The transthyretin (TTR) amyloidoses are fatal disorders of secondary protein structure characterized by extracellular deposition of aggregates, including amyloid fibrils, derived from the secreted transthyretin protein. Aging is a risk factor for both the senile systemic (normal sequence) and familial (mutated sequence) forms of these disorders. At this time, no pharmacologic treatment is available. Recent data suggest that oligomers generated early in the course of TTR misfolding may be critical in the in vivo pathogenesis. We have developed the cell and molecular biologic tools to precisely analyze the molecular mechanisms underlying cell damage. Such knowledge is critical to the long-term goal of finding new therapeutic strategies to treat these diseases. Our working hypotheses are 1) TTR cytotoxicity in tissue culture reflects the human pathology regarding the susceptibility of target tissues and the amyloidogenicity of different TTR variants. 2) There is a relationship between the age-related increase in protein oxidation and the onset of TTR amyloidoses. 3) The interaction between the appropiate TTR conformer and target cells results in the generation of reactive oxygen species which, in turn, trigger an apoptotic cascade leading to cell death. 4) There is a cell receptor mediating the cytotoxic response. 5) The sequence of events leading to cell death can be prevented with compounds structurally derived from the plant polyphenol resveratrol and other antioxidants. These hypotheses will be tested in our 3 specific aims.
In aim 1 we will establish tissue culture systems that mimic the human pathology in terms of tissue specificity and TTR variant. With these models in hand we will precisely identify the responsible TTR cytotoxic species, and define the role of protein oxidation and of the extracellular matrix on TTR-induced cytotoxicity.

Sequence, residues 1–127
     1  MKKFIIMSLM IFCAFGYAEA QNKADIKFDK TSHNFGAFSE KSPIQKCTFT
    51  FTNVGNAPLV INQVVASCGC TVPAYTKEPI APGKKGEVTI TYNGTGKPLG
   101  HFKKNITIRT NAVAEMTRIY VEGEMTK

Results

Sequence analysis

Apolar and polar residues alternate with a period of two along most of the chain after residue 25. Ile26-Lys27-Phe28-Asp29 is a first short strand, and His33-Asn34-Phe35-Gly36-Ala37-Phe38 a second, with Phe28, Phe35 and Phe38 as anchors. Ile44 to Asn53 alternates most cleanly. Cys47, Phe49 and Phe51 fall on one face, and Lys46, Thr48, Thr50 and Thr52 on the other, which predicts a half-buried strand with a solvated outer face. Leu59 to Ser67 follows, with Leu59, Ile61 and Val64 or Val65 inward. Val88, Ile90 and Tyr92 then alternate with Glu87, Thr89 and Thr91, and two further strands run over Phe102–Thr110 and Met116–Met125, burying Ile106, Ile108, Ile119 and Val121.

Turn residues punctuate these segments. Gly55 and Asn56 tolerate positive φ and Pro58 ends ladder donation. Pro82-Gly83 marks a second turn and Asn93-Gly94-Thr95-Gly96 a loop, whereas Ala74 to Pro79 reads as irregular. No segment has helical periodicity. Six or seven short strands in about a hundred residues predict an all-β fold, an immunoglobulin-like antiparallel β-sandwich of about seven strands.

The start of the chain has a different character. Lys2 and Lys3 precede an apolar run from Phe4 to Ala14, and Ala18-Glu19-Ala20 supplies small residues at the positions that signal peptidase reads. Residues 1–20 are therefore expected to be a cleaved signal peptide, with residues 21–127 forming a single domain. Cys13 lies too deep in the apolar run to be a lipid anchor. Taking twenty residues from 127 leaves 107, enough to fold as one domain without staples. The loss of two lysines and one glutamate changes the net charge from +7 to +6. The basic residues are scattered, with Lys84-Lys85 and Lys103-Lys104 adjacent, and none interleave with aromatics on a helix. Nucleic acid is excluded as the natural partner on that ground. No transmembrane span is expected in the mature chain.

In aim 2 we will characterize and identify the cell receptor involved in the cytotoxic response using biochemical, immunochemical and proteomic mass spectrometry.
In aim 3 we will use the cell system to screen compounds that inhibit TTR-induced cytotoxicity to find substances that may prevent TTR amyloidosis in vivo. We will define the mechanism of inhibition of TTR- induced cytotoxicity by the active small molecules which might in turn, be applicable to other amyloidoses. The insights gained from these studies will provide lead compounds and potential new pathways for therapeutic intervention.
The transthyretin amyloidoses are a set of age-related, mostly untreatable, poorly understood and ultimately fatal diseases affecting millions in the US and many more worldwide. We will create relevant tissue culture models to define the cellular mechanism of transthyretin damage and to find new compounds that can be used to treat these disorders. The findings will open new avenues for therapeutic intervention such as blockade of the formation of transthyretin toxic species, or inhibition of the cellular pathways that lead to cell death.
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